5 Tigers Who Will Benefit From Extra Eligibility

With the NCAA giving a year of eligibility back to every fall student-athlete, several of Clemson's developmental players could need that extra season down the road.
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When the NCAA announced it was giving a year of eligibility back to every student-athlete from all fall sports, whether they compete this season or not, hope began to spring that maybe Clemson fans will get to see Trevor Lawrence attempt to make five consecutive College Football Playoff appearances. 

Not to burst any bubbles, but that's probably not happening. The Clemson quarterback is going to be the No. 1 overall selection in the 2021 NFL Draft. As much as Lawrence enjoys college football and has embraced being the face of the sport, a pro career and the millions of dollars that follow are more attractive than a second junior season filled with classes and exams. 

Also, don't expect all-time leading rusher Travis Etienne to stick around and push his records to out-of-reach heights after his senior season. 

However, there are other Tigers who will benefit from an extra season of eligibility. Clemson head coach Dabo Swinney says it alters the redshirt plan for pass rusher Xavier Thomas, who dealt with a host of health issues during the offseason. 

In a program that excels at developing the less-heralded prospects and gets the most out of its roster on an annual basis, this extra year will be greatly needed. Here are five players potentially affected in a positive way by an additional season at Clemson:

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Defenisve end K.J. Henry

It remains to be seen what Henry's ceiling will be. The redshirt sophomore, who's listed as a co-starter on the summer depth chart, will get more opportunities in 2020 to live up to his recruiting hype, but there will still be a rotation at pass rusher, and with Thomas' situation improving and star freshmen Myles Murphy and Bryan Bresee on campus, there's a chance Henry gets lost in the shuffle. Having three more years isn't a bad thing for a player with a high pedigree, and his time will eventually come. 

Defensive end Greg Williams

While we're on defensive ends, Williams is the ultimate developmental player. Dabo Swinney discovered the undersized pass rusher in summer camp and believes Williams will fill an important role at some point in his career. Swinney admits it might not be this season, so this would represent a second redshirt-type season for Williams, who can continue to get bigger, hone his raw skills and see reps in more than four games. It's a win-win proposition for a potential standout who could be needed a couple of seasons down the road. 

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Running back Kobe Pace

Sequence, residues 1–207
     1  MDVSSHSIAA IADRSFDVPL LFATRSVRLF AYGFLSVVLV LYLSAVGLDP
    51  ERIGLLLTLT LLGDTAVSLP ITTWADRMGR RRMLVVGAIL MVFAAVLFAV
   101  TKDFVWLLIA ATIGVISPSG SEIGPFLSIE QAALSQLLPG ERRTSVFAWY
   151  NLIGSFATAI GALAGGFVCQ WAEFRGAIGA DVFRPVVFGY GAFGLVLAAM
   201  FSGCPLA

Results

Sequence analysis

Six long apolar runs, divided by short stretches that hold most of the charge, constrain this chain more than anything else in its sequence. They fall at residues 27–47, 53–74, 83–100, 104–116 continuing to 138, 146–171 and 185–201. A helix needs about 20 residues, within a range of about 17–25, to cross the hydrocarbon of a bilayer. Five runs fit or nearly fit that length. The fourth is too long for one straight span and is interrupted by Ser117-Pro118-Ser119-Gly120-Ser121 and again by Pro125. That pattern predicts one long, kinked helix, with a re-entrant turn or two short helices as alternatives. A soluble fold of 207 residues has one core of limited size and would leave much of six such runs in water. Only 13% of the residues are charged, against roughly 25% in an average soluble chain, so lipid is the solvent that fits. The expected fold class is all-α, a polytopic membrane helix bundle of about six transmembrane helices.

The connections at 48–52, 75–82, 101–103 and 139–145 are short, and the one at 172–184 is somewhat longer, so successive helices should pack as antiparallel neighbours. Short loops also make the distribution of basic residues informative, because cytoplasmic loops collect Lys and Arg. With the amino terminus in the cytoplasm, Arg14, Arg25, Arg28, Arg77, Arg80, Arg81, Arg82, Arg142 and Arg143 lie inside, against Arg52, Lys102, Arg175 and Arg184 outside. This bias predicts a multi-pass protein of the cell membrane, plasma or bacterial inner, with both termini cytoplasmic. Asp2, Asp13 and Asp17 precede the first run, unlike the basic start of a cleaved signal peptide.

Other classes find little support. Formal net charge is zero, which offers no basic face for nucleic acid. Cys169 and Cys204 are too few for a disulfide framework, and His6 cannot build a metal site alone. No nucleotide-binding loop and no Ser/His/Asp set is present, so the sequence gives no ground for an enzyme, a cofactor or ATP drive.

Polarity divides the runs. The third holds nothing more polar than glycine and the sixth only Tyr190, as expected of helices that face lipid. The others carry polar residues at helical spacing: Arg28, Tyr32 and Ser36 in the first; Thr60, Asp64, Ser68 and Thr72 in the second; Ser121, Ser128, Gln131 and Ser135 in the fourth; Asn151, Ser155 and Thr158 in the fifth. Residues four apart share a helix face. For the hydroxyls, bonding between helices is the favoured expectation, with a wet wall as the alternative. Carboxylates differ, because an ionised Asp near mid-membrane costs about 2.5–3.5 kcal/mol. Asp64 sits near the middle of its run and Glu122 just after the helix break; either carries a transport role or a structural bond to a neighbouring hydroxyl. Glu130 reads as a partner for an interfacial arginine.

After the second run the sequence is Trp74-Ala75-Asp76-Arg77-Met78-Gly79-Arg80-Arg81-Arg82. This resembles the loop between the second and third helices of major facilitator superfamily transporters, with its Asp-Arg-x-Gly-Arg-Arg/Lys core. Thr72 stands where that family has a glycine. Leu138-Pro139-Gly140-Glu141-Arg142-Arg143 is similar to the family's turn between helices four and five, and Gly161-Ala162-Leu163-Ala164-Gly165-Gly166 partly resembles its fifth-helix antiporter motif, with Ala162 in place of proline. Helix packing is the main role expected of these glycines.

Pretty much any running back not named Travis Etienne will benefit from an extra season of eligibility. Lyn-J Dixon will get two seasons, if he wants, to prove himself as "the guy" once Etienne is gone. Chez Mellusi and Mikey Dukes weren't redshirted last season, so this year takes the place of that, and freshman Demarkcus Bowman is a future star, so he probably won't be around for five years. Pace, the other freshman rusher in this 2020 class and the heaviest back in the room, can be brought along at whatever speed the coaching staff wants for a couple of seasons now. 

Offensive lineman Blake Vinson 

Three years in the program, the Ocala, Fla., native has played just 111 snaps. Vinson redshirted in 2017, played a reserve role in 11 games in 2018 and suffered a knee injury two games into his 2019 season that's still limiting his availability in practice. It's likely Clemson would've applied for a medical redshirt to get last year back for him, and while they still could, Vinson gets that year back regardless. The Tigers need him on the second team right now because of a lack of experience at the reserve positions, but a player who can fill multiple spots up front probably has a greater impact a year or two down the road as a potential starter. 

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Quarterback Taisun Phommachanh

The dual-threat talent is currently locked into a battle with D.J. Uiagalelei to backup Lawrence this fall, and with Uiagalelei the heir apparent at the position, keeping an extra year of eligibility for Phommachanh, who redshirted last season, will pay off down the road. The thing is, that might not be at Clemson. Chase Brice took advantage of great coaching, numerous resources and learning behind Lawrence and Kelly Bryant for a few seasons and parlayed that into a grad transfer opportunity at Duke, where he's the likely starter in 2020. Phommachanh could follow a similar path and play somewhere else while having multiple seasons as a starter, like Brice.